Benches

Benches serve an important function in the operation of a greenhouse. Benches are stable, well-drained platforms for growing plants. When properly placed, they are easily accessible to the greenhouse worker for irrigation and other plant maintenance tasks. Because of operating expenses within the greenhouse, it is imperative to maximize usable space through appropriate bench placement.

Under certain circumstances, plants can be grown directly on the floor of the greenhouse. This method requires that the floor be well drained. This technique is well adapted for bedding plant growers in large units. But the constant bending may be tiring for greenhouse workers, and injury can result. Because of the impracticality of the use of the greenhouse floor for growing plants, the use of benches is recommended.

Labor concerns, such as bending and reaching, operating costs, and irrigation methods used, and ease of movement throughout the structure are usually the driving forces behind the choice of benching to be used. Many aspects need to be considered prior to the installation of greenhouse benching. The following table lists some of these considerations:

Considerations
Bench height
Handling plants and mechanization
Air spaces in surface
Allow water to drain off the surface and air circulation reduces disease incidence
Strength
Must support high weight loads
Compatibility with irrigation system
Adapted to irrigation technologies (including   ebb-and-flow or   food floor)
Cost
Design and material needs to be economically adequate with crops being grown
Support requirement
Depending on bench surface, the type of structural support will vary (expanded metal is rigid and need less support than wire).

 

I. Bench Arrangement: Peninsular vs. Longitudinal Design, Rolling Benches.

The peninsular design is used when the growing area needs to be maximized. This design is of particularly interest for pot grown plants because it allows for convenient segregation of species which is advantageous for retail growers. A major advantage of the peninsular design is that routine tasks including watering, steam sterilization, fertilization, and plant harvest become easier to do with a peninsular design than with longitudinally placed benches. This is especially true in research greenhouses where different treatments are applied simultaneously. The large central corridor allows for easy manuevering of carts or people, and the distance from the edge of the bench to the center is reduced.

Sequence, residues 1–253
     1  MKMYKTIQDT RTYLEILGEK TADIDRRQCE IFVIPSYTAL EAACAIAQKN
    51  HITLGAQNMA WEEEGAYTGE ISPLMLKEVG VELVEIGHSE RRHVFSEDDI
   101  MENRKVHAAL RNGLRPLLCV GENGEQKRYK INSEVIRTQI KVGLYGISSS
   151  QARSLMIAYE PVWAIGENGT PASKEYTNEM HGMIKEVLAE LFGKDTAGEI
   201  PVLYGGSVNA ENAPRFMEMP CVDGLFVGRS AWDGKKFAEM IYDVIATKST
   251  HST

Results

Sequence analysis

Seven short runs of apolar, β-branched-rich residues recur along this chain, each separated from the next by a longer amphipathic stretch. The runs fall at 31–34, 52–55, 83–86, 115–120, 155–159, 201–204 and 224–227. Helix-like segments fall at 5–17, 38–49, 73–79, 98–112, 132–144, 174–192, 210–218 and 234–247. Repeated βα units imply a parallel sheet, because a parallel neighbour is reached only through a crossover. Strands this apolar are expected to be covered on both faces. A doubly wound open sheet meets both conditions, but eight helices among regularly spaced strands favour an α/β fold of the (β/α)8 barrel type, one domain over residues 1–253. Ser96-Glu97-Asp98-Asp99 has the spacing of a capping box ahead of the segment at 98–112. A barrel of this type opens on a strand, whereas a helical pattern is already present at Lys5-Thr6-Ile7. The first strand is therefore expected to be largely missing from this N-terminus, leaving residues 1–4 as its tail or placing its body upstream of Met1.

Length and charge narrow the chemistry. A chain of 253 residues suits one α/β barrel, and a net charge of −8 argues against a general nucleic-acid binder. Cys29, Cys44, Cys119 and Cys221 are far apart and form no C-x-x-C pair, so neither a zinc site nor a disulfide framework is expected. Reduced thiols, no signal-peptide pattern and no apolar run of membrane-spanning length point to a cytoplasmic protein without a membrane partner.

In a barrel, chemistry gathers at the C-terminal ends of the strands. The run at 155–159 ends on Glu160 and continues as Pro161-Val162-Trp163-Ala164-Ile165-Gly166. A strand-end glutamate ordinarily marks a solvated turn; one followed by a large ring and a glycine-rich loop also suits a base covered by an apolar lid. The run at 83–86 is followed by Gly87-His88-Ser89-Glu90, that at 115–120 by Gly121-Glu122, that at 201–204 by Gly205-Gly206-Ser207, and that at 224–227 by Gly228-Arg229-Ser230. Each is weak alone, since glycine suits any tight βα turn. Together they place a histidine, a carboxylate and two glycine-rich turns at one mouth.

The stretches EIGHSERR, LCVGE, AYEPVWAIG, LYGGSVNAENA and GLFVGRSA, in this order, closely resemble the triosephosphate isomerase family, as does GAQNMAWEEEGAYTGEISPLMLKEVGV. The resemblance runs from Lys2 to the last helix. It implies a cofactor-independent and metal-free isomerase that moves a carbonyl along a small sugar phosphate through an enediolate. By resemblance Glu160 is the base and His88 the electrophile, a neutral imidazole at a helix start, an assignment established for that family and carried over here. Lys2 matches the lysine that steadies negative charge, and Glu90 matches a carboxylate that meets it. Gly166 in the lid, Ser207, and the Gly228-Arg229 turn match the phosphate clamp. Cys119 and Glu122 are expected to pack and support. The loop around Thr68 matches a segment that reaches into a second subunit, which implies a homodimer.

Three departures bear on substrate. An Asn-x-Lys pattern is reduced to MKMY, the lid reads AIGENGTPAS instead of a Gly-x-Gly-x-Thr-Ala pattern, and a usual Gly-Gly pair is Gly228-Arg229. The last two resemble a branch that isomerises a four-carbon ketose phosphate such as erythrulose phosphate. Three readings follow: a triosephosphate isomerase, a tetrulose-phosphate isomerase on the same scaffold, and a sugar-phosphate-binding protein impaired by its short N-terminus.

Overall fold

Rolling benches are another way to increase space efficiency. They allow up to 90% of the floor space to be used for growing plants. They are easily moved and are a more efficient use of space in small greenhouses. However, rolling benches are not appropriate for retail settings or when the plants need to be accessed frequently.

John Kumpf on Rolling Benches—

"Here, we are looking at expanded metal rolling benches. One of the nice things about the expanded metal bench top is that you get a lot more air flow up and around the plant material. In this picture the benches are rolled together, with no aisle in-between. In the second picture, they are rolled apart. This creates a temporary aisle so you can get in between benches for watering."

II. Bench Space Efficiency.

Bench space efficiency is defined as the ratio of the area (sq. ft) covered by benches to the area of the entire greenhouse expressed in percentage.

Benching Space Efficiency = (bench area/ total area)* 100

Some examples

 

Usually peninsular bench arrangement will increase the growing area even more, and even greater efficiency can be realized with rolling benches by eliminating walkways. Note that rolling benches can also impede plant access, but there are some designs that help the transportation of plant material.

 

III. Bench Support

Regardless of the type of material chosen for the bench, a good rule of thumb is to allow support for at least 25 pounds per square foot area. A list of advantages and disadvantages can be viewed in the following chart:

Material
Advantages
Disadvantages

- Longevity and resistance to rot/decay

- One time cost

-Lower maintenance cost

- Expensive to install

Wood

( locust- cedar-redwood-cypress)

- Resistant to decay (resistance can be improved if benches are painted with copper naphtanate or other presevatives)

- It wraps and absorbs chemical that cannot be removed

- Higher maintenance

- Durable

- No additional treatments to prevent decay

- Permanent and do not allow change later

The supports going across these benches are about a foot apart. The cross supports for most commercially available expanded metal benches are further apart but in this case a narrower spacing is necessary to bear an unusually heavy load. When using expanded metal on the bench surface, you want to make sure that it doesn't bow in-between the supports..